- December 8, 2013 at 4:08 pm #4422David KFrequent MemberJoin Date: Jun 2011Posts: 199Offline
Took this shot at a local beach with my new Contax zoom. Lowered the ISO to 80, stopped the lens down to f/32 and voila…an 8-12 second long exposure without the need for an ND filter.
- December 8, 2013 at 9:38 pm #4423Jack MacDEstablished MemberUSA, St. Louis, MO and Phoenix, AZJoin Date: Jun 2011Posts: 367Currently using:
Leica M, Leica S, Leica CLOffline
Joe Donovan should be proud of how well you learned from him, as did I.Jack
- December 9, 2013 at 11:23 pm #4424petervEstablished MemberJoin Date: Jul 2011Posts: 75Offline
Outstanding colors, mood and composition. Thanks for sharing!
- December 10, 2013 at 2:21 pm #4425David KFrequent MemberJoin Date: Jun 2011Posts: 199Offline
Jack, like you I first tried my hand at long exposures on David's Fall foliage trip. I remember how we all snapped up those ND filters when we saw what we could get using them.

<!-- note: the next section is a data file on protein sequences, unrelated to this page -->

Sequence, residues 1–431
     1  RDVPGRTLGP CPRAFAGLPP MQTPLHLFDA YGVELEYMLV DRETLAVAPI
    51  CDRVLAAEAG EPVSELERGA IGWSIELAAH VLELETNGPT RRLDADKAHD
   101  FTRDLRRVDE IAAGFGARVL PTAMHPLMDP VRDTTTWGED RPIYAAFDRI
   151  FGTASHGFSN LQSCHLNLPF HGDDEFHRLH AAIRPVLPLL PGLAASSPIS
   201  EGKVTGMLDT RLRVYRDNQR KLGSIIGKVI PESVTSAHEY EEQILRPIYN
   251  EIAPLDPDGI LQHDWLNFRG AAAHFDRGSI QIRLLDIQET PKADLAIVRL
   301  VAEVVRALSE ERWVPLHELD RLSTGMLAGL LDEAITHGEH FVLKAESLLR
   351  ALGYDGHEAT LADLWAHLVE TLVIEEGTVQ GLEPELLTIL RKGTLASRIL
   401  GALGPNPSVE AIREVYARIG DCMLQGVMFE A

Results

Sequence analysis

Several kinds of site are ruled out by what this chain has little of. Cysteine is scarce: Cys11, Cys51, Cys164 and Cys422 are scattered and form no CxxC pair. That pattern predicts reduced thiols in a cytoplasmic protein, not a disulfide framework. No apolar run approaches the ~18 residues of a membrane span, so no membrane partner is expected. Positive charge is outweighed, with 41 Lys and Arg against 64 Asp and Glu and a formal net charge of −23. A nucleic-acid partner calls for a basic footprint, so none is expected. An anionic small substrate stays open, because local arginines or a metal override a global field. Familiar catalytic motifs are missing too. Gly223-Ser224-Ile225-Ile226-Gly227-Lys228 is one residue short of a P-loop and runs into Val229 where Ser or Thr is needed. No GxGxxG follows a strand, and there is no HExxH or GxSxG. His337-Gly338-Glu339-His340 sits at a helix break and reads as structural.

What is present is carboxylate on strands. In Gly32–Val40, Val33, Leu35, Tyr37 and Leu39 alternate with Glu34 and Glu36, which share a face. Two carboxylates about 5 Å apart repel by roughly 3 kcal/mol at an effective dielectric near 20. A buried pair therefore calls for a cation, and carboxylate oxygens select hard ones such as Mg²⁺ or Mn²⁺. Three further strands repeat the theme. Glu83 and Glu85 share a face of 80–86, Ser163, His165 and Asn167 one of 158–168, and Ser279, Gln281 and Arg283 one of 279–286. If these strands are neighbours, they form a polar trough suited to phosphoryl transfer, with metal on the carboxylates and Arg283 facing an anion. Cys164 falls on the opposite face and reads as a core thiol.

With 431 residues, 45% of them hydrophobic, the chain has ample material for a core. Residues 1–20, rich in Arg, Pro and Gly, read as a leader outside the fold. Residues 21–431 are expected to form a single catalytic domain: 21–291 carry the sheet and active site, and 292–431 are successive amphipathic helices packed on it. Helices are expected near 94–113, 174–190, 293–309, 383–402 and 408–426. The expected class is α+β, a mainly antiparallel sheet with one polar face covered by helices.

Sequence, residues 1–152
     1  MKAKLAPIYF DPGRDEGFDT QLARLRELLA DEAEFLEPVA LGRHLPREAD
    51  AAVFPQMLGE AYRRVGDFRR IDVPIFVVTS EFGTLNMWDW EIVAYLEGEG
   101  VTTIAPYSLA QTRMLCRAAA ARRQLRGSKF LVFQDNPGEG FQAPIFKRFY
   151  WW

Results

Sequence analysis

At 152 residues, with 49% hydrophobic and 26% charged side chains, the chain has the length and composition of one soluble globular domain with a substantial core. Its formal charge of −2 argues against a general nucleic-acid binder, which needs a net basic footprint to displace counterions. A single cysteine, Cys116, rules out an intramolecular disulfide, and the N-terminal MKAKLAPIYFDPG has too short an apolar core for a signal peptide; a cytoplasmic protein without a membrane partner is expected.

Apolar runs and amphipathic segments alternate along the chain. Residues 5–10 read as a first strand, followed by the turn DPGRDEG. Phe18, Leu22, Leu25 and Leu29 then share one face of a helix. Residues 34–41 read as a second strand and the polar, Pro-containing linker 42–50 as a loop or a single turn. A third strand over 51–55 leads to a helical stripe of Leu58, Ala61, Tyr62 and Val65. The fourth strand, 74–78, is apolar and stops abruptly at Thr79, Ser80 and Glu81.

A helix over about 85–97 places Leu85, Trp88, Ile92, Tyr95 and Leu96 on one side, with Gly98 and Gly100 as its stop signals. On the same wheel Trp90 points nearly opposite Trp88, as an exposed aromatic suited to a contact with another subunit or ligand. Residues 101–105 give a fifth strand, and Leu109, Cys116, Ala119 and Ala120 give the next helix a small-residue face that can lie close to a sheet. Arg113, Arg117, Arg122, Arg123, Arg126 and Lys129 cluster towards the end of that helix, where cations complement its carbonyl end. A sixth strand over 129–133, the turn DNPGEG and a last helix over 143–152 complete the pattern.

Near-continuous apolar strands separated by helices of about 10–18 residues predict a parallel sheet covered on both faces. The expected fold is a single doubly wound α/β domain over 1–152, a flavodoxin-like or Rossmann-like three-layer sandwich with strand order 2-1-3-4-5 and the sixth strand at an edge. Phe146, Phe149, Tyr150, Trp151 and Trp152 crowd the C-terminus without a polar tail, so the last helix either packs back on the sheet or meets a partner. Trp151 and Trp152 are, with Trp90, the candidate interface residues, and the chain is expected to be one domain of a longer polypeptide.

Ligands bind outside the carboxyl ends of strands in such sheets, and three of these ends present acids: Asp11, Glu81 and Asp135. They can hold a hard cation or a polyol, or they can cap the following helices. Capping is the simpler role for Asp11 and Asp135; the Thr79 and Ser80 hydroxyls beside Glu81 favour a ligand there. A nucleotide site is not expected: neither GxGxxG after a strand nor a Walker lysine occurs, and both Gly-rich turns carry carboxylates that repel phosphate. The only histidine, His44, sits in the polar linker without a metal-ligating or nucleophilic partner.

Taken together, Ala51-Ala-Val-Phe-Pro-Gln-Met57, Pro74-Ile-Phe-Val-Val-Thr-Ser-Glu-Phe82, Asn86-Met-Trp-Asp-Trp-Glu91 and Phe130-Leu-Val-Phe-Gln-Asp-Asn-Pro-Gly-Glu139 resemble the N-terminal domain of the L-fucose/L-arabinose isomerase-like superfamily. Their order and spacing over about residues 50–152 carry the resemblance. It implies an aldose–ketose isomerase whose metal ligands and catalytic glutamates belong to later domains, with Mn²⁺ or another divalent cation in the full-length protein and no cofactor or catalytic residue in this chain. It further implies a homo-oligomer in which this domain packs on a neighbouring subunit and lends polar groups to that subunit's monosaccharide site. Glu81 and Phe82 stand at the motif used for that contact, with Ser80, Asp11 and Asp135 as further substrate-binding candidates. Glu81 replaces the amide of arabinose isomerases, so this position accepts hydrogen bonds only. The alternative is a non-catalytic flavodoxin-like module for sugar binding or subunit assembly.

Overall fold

Peter, I think you've identified the key elements…not all of which are under my control. It can take a lot of trips to the beach before the stars are in alignment and you get the clouds, waves and colors to be right. For me sharpness really doesn't come into play too much in images like this. I've no doubt there's diffraction in this image due to stopping the lens all the way down. But it gets lost in the overall softness of the image.
Thanks to both of you for your kind comments.
- December 11, 2013 at 1:09 am #4429Mark GowinFrequent MemberJoin Date: Jan 2011Posts: 253Offline
David, wonderful image. I agree that sharpness is not important in this case. Peter hit the nail on the head with respect to color, light, and mood. Diffraction at f32 will surely soften the image, perhaps that adds to the mood.
- December 12, 2013 at 4:07 pm #4442petervEstablished MemberJoin Date: Jul 2011Posts: 75Offline
Yes, it really is a wonderful image. The motion blur makes all the subtle colors in the sky and seawater blend very nicely. The photo reminds me of the Dutch painters of the seventeenth century. And the seascape with these colors remind me of William Turner too. Well done!
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